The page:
The Federal Communications Commission has restarted its 180-day clock for its review of AT&T's proposed $39-billion takeover of T-Mobile USA.
The FCC had paused the clock on July 20 after asking the two companies for more information about how, in their view, the efficiencies of the combined carriers would outweigh the potential anticompetitive effects, according to a statement on the agency's website by Rick Kaplan, chief of the FCC's Wireless Telecommunications Bureau.
Now that AT&T and T-Mobile have delivered what the FCC requested, the agency said Friday it was again scrutinizing the potential takeover. It originally began its 180-day clock in April.
The delay was the latest setback for AT&T, the nation's second-largest wireless carrier, in its push to consume the fourth-largest carrier, T-Mobile.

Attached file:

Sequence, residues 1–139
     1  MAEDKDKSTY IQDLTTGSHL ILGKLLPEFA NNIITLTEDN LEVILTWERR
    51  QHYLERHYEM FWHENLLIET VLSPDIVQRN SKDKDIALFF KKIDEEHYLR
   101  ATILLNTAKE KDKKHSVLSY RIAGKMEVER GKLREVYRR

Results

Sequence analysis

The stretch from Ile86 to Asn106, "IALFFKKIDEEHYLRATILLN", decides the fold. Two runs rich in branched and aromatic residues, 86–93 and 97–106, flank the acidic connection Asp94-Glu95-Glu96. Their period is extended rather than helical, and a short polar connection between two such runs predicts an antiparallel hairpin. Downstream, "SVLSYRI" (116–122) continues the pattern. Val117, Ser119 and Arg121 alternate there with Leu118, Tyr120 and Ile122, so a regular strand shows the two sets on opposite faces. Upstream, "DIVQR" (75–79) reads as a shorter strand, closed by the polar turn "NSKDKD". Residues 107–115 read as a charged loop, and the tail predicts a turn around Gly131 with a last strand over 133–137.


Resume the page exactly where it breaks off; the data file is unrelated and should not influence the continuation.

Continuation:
AT&T has argued that buying T-Mobile will enable it to meet the increasing demand for high-speed wireless service. T-Mobile argued that, if left on its own, it might be unable to compete not only with AT&T, but also the other major carriers, Verizon Wireless and Sprint Nextel.
Consumer rights groups have come out against the merger, saying it would make the wireless market less competitive and result in higher prices. And one of the most vocal opponents has been Sprint, the No. 3 carrier.
The FCC is reviewing the deal together with a proposed $1.9-billion agreement between Qualcomm and AT&T that, if approved , would give AT&T control over licenses to a wireless spectrum used by 300 million people nationwide.
The Justice Department is looking into possible antitrust concerns over the proposed AT&T merger with T-Mobile as well.